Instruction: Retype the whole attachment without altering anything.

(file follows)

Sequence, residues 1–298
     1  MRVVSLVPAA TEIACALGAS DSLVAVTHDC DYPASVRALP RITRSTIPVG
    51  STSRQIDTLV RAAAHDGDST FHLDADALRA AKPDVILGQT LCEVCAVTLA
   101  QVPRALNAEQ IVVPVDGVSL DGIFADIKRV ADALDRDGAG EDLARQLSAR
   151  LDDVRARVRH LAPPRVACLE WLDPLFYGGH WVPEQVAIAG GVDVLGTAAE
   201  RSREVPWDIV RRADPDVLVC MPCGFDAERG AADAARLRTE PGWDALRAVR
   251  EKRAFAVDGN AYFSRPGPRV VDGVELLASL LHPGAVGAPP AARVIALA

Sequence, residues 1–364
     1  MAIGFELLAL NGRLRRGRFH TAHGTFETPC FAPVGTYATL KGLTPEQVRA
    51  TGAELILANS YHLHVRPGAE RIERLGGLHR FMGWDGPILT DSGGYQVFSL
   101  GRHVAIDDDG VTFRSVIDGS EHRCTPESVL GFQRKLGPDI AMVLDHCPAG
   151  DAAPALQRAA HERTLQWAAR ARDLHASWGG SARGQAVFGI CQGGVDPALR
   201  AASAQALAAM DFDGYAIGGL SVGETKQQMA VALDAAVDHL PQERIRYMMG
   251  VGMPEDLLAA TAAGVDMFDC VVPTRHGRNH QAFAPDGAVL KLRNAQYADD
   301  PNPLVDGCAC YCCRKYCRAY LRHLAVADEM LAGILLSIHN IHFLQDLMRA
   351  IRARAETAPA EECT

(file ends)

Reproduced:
Sequence, residues 1–298
     1  MRVVSLVPAA TEIACALGAS DSLVAVTHDC DYPASVRALP RITRSTIPVG
    51  STSRQIDTLV RAAAHDGDST FHLDADALRA AKPDVILGQT LCEVCAVTLA
   101  QVPRALNAEQ IVVPVDGVSL DGIFADIKRV ADALDRDGAG EDLARQLSAR
   151  LDDVRARVRH LAPPRVACLE WLDPLFYGGH WVPEQVAIAG GVDVLGTAAE
   201  RSREVPWDIV RRADPDVLVC MPCGFDAERG AADAARLRTE PGWDALRAVR
   251  EKRAFAVDGN AYFSRPGPRV VDGVELLASL LHPGAVGAPP AARVIALA

Sequence, residues 1–364
     1  MAIGFELLAL NGRLRRGRFH TAHGTFETPC FAPVGTYATL KGLTPEQVRA
    51  TGAELILANS YHLHVRPGAE RIERLGGLHR FMGWDGPILT DSGGYQVFSL
   101  GRHVAIDDDG VTFRSVIDGS EHRCTPESVL GFQRKLGPDI AMVLDHCPAG
   151  DAAPALQRAA HERTLQWAAR ARDLHASWGG SARGQAVFGI CQGGVDPALR
   201  AASAQALAAM DFDGYAIGGL SVGETKQQMA VALDAAVDHL PQERIRYMMG
   251  VGMPEDLLAA TAAGVDMFDC VVPTRHGRNH QAFAPDGAVL KLRNAQYADD
   301  PNPLVDGCAC YCCRKYCRAY LRHLAVADEM LAGILLSIHN IHFLQDLMRA
   351  IRARAETAPA EECT